Could FDA follow CFIA’s approach to food safety? - The Packer

Could FDA follow CFIA’s approach to food safety?

09/27/2007 12:00:00 AM
John Chadwell

(Sept. 27) Despite agriculture’s best efforts to protect its products, recent recalls of baby carrots, spinach and bagged salads have kept consumers and government regulators on edge to the point where the U.S. Food and Drug Administration may seek more stringent food safety enforcement authority.

The fresh produce industry and Washington are seeking a consistent national food safety standard, but at this point the FDA has little enforcement authority when it comes to heading off contamination or recalls.

The House Agriculture Appropriations’ Subcommittee on Sept. 26 addressed the issue. David Acheson, the FDA’s assistant commissioner of food production, said the agency needs to be more proactive to prevent contamination through an inspection system that would provide a faster response.

The lack of an inspection system sets U.S. food safety procedures a world apart from that of Canada, its largest trading partner with more than $533.7 billion in goods in 2006, according to a Congressional Research Service report to Congress.

DIFFERENT APPROACHES TO FOOD SAFETY

Under its present guidelines, the FDA has little enforcement authority during recalls, whereas the Canadian Food Inspection Agency has legislative authority to fine companies and even jail their principals.

The FDA does not generally have the authority to order a recall. What legal action the FDA can take is limited to seizure of product, injunction of the firm and a court request to recall the product.

Canada is more prone to take the carrot and stick approach, first working with a company to discover the extent of contamination and illnesses, then warning consumers and setting in motion a voluntary recall.

“If we get a refusal to do a recall we have legislation authority under the Canadian Food Inspection Agency Act where we can order a mandatory recall,” said Garfield Balsom, a food safety recall specialist with CFIA’s Food Recall and Emergency Response department. “We can go to the minister of agriculture and get a recall order that becomes an enforceable order punishable by a $50,000 fine and jail terms if the order is not adhered to.”

Balsom said the recall order would not be served on the foreign supplier or manufacturer, but against the Canadian-based agent selling or distributing the product. In the case of the recent recall involving Dole bagged lettuce, Loblaws, the retail store that sold the product in which a single bag was found to be contaminated with E. coli, was informed of the finding. It was then up to Loblaws to inform its distributor and supplier, Dole Fresh Vegetables Inc., Monterey, Calif.

The major point that differentiates U.S. and Canadian detection and enforcement capabilities is a government-controlled random sampling program of fruits and vegetables.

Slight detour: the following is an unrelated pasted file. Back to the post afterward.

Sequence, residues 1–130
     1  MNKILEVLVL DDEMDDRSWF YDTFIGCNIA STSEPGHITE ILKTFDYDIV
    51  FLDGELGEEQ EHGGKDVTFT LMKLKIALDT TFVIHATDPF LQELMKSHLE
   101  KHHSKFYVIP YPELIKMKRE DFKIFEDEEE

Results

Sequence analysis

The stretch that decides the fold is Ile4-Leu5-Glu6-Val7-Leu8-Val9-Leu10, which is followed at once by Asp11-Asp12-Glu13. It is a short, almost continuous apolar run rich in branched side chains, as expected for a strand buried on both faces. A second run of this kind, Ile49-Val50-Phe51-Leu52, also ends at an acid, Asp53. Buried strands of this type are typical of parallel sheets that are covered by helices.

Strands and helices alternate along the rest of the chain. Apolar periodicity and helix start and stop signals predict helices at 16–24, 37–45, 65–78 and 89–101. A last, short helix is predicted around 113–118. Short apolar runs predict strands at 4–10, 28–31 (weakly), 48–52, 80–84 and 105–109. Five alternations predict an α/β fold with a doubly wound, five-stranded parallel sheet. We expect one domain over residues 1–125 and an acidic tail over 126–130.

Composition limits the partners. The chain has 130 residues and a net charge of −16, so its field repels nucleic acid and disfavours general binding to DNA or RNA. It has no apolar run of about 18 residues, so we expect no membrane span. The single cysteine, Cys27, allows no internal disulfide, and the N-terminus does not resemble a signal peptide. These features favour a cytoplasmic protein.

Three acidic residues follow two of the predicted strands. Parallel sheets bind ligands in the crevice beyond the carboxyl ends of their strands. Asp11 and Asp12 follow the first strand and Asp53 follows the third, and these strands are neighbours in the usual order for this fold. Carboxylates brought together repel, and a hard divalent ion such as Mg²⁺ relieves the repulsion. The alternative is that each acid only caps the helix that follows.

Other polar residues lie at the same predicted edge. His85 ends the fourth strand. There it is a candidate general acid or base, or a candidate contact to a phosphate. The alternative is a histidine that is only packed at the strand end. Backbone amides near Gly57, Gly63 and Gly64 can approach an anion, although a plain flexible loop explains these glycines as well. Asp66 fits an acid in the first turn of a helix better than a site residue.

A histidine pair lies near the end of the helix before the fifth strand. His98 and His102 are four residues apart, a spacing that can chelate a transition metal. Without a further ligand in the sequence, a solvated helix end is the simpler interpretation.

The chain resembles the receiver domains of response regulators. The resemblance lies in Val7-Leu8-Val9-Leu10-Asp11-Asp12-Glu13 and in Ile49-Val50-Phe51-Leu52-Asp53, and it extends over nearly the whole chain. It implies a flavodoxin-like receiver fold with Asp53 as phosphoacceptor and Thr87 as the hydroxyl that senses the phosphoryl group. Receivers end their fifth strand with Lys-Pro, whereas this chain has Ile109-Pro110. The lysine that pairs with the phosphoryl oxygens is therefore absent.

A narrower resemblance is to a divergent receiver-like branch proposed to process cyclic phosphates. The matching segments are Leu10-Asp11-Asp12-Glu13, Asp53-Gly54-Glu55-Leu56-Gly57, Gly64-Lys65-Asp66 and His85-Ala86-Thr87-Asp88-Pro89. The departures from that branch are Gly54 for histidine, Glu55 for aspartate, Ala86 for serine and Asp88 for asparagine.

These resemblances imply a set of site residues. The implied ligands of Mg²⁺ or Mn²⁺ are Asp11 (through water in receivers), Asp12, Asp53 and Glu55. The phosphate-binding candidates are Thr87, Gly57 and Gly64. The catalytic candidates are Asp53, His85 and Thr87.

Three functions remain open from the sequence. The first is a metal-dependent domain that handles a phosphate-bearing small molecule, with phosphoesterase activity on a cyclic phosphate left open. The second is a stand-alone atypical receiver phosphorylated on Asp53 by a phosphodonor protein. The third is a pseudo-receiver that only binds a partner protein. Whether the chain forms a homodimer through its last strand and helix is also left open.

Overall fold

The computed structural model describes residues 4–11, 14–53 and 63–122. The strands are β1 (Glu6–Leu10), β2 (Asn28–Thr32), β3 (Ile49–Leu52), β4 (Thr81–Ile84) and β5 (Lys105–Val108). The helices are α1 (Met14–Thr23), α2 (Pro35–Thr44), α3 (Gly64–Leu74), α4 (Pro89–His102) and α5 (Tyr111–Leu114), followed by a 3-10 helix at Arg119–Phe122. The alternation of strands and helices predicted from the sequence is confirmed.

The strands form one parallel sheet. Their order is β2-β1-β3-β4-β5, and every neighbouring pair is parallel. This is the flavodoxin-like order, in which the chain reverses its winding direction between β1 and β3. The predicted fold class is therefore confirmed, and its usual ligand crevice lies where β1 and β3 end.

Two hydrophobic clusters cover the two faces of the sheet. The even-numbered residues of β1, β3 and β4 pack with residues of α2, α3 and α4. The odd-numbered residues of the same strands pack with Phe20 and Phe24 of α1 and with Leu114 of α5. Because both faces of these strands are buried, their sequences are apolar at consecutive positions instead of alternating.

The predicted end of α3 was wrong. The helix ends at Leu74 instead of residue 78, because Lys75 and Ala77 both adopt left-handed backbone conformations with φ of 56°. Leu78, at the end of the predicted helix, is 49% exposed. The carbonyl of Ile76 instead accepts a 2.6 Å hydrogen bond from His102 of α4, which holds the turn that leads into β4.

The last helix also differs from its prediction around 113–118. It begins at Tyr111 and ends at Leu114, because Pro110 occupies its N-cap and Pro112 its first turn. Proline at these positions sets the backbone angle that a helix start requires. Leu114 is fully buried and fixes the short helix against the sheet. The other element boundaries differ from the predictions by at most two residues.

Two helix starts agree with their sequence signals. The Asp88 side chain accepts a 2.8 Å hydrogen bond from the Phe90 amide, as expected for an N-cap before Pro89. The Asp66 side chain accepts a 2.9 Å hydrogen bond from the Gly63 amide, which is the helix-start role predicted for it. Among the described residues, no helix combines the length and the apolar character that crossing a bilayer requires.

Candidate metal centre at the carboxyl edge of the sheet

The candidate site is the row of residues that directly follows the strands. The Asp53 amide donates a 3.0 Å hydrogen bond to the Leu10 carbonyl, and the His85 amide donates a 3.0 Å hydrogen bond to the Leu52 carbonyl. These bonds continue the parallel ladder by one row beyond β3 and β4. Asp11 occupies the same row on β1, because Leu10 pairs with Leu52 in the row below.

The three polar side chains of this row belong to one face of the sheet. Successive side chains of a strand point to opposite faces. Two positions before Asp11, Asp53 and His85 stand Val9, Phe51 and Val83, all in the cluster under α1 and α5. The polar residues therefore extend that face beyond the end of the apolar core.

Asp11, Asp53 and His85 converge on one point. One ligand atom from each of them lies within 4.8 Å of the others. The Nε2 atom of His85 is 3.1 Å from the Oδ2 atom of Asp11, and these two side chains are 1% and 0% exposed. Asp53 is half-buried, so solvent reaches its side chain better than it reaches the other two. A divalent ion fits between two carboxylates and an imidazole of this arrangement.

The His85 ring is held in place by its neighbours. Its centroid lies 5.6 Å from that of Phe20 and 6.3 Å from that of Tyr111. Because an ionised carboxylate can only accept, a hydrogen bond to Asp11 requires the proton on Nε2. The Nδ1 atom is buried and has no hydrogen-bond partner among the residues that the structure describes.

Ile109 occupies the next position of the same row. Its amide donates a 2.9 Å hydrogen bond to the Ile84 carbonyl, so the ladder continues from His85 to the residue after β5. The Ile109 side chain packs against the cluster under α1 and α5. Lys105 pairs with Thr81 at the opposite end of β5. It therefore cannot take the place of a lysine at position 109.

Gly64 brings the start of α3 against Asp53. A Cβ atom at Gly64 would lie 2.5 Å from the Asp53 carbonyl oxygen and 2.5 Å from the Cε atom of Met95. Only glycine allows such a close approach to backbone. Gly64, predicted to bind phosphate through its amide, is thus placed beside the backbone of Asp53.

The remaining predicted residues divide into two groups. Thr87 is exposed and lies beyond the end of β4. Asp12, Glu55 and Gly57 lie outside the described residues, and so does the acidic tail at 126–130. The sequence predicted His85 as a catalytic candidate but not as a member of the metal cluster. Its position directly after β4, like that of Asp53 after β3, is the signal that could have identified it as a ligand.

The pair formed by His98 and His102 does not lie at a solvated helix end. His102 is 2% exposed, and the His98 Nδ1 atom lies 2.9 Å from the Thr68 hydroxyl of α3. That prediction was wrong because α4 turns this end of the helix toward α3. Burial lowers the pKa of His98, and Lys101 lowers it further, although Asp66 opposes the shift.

The FDA puts this burden on manufacturers or waits to be informed by local health officials that people are getting sick and there appears to be a common food source, such as what happened during the E. coli outbreak involving fresh spinach in 2006.

CFIA, on the other hand, routinely conducts random sampling throughout Canada. Balsom said random sampling is just one of the “triggers” that sets in motion an investigation and a potential recall.

“There can be a consumer complaint against a product or we could get a referral from another government department,” he said. “The investigation would entail the product lot codes, sampling information, illness reports and the epidemiological investigation into any outbreak.”

Once the investigation is completed, he said, CFIA would seek a health risk assessment in conjunction with Health Canada, the agency responsible for setting standards on food and drug safety. After CFIA received the assessment it would contact the “owner of the product,” the retailer or distributor in Canada, to set in motion a public advisory and a joint press release with the company announcing a voluntary recall.

Through memorandums of understandings with various countries, CFIA then notifies the FDA or other appropriate country agencies where the product is also available to consumers.

Under its present recall policies, FDA only monitors company recalls and assess their actions. After a recall it may send investigators to make sure the product has been disposed of properly and examine facility sanitary conditions, as it did during the most recent recall involving Dole’s facility in Springfield, Ohio.

The surge of investigative activity during the E. coli outbreak last year was an aberration because the agency is primarily set up to examine written reports rather than conducting field investigations, because of personnel cutbacks over the last decade.

The FDA and CFIA do not issue news releases to notify the public when the danger of eating the implicated products has passed. That responsibility, Balsom said, is the company’s.



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